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My Mumini just dropped off a knitter’s inheritance. I know I’m not the first knitter to be the victim of subject to this phenomenon. Someone, somewhere, casts on a project and doesn’t finish it. They run out of steam, maybe their life changes, maybe they realise knitting’s not for them (it’s not for everyone, I accept that). They leap to their feet, needles clattering to the ground, and cry “What am I doing? I should be a husky-harness-weaver!”. Then, sometime later, presumably as their husky-harness-weaving business takes off and they need the cupboard space back, they decide to part company with the knitting project: seems a shame to just chuck it out, so they either pass it on to charity, a knitter, or someone who knows a knitter, or someone who thinks they might like to try knitting…there must be millions of projects that move around the world this way.

Vivid! But mysterious all the same.

My Mumini upended the bag she had been given my my Nanini — and there, the scent goes cold. I know not whence my Nanini obtained this project, but I can say with some degree of certainty that it was not she who cast it on. She is not so ambitious a knitter as to commit to a full sweater, and besides, she’s wrist-deep in squares for her knitted quilt-in-progress. So it trickled along family lines until it reached my table.  We looked closely at it. “I’m not sure what it is.” Through some fairly simple analysis — the completed piece is obviously a sleeve, plus the pattern book has been open at this page for so long it won’t shut anymore — we deduced it was a woman’s jumper. I could go into further investigation and work out what size it was, but this bundle of neat and orderly stitches is headed to the frog pond so fast it’ll make you dizzy.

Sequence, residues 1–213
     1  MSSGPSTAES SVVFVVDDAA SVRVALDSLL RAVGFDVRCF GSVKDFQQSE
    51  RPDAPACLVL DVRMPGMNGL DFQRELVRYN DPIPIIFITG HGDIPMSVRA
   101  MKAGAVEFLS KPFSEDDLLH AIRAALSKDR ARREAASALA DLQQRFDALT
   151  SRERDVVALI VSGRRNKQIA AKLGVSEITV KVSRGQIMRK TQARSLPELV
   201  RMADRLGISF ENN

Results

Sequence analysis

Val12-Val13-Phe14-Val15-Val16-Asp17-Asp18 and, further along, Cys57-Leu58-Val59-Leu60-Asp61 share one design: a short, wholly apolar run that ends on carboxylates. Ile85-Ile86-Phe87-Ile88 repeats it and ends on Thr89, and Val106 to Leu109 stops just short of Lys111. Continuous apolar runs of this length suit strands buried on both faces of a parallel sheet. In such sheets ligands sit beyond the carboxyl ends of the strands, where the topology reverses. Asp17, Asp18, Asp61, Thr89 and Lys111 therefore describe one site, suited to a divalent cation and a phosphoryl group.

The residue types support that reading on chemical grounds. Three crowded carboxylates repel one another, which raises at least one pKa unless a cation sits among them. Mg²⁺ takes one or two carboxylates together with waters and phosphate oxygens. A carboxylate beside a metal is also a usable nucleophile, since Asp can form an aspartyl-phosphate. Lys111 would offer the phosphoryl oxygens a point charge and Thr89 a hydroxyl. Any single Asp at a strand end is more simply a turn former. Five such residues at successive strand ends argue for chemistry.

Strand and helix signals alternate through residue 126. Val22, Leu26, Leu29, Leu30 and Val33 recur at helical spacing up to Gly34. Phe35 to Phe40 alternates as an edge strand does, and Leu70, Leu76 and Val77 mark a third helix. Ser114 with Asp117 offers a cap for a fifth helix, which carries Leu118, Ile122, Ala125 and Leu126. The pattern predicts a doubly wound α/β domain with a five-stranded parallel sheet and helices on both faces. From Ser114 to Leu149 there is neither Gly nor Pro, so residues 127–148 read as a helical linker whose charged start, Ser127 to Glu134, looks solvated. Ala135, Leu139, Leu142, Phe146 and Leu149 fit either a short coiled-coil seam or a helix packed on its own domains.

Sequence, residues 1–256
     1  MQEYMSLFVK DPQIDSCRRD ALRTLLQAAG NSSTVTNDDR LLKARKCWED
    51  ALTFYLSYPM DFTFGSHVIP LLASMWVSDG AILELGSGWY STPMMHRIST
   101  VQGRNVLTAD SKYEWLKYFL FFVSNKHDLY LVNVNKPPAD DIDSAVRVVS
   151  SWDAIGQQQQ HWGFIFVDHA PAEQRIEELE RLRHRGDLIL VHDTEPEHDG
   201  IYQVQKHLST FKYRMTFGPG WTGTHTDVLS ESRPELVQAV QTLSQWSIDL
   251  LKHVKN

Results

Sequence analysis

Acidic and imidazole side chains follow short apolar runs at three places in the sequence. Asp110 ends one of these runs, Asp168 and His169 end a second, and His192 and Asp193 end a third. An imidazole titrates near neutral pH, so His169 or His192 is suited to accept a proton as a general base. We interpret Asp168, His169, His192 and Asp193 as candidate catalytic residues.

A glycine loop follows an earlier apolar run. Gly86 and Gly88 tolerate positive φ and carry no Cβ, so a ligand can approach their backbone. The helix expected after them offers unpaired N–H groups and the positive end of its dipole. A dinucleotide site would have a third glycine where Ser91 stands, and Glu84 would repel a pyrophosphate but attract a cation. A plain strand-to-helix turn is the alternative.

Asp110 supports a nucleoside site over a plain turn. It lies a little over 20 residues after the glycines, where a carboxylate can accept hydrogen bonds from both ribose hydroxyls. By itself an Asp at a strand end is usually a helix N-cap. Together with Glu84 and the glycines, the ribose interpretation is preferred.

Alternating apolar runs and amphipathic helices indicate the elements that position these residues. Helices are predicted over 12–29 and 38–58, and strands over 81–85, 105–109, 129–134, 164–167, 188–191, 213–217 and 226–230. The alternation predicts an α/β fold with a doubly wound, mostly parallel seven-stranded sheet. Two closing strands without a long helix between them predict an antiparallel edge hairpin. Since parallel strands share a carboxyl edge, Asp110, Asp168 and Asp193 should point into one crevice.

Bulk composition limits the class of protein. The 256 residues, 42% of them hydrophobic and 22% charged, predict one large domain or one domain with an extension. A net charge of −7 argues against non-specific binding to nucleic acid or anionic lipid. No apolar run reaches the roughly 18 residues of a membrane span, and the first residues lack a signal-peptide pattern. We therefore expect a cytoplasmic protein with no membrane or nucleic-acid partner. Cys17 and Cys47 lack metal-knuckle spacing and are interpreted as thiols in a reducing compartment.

Fat skeins make happy bloggers.

The yarn is fresh and in excellent condition: it feels like a machine-washable crepe, and there was a fat pile of Bendigo Woollen Mills shade cards in the bag dating back to 2007, so I suspect it’s their Classic.  I was moderately excited to squeeze the untouched skeins, but the colour…hm. I don’t think there are bad colours. But I think there are colours I don’t particularly want to wear, no matter how lush, thick and unused the yarn is. There are, in fact, colours I think very very very few people should wear, or see, or even think about with any intensity. Colours best left to nature or the go-faster stripes on rollerblades.

So, two options: unravel, wash, reskein and pass on to someone more appreciative (they’re out there, I know it); or have a bash at another Great Dyeing Adventure and see if I can turn this burrito into a taco?

This is the pattern book that came with it: it’s clearly from Paton’s “There’s Something More Interesting Over There!” line.

"Holy CRAP! Look at that!"




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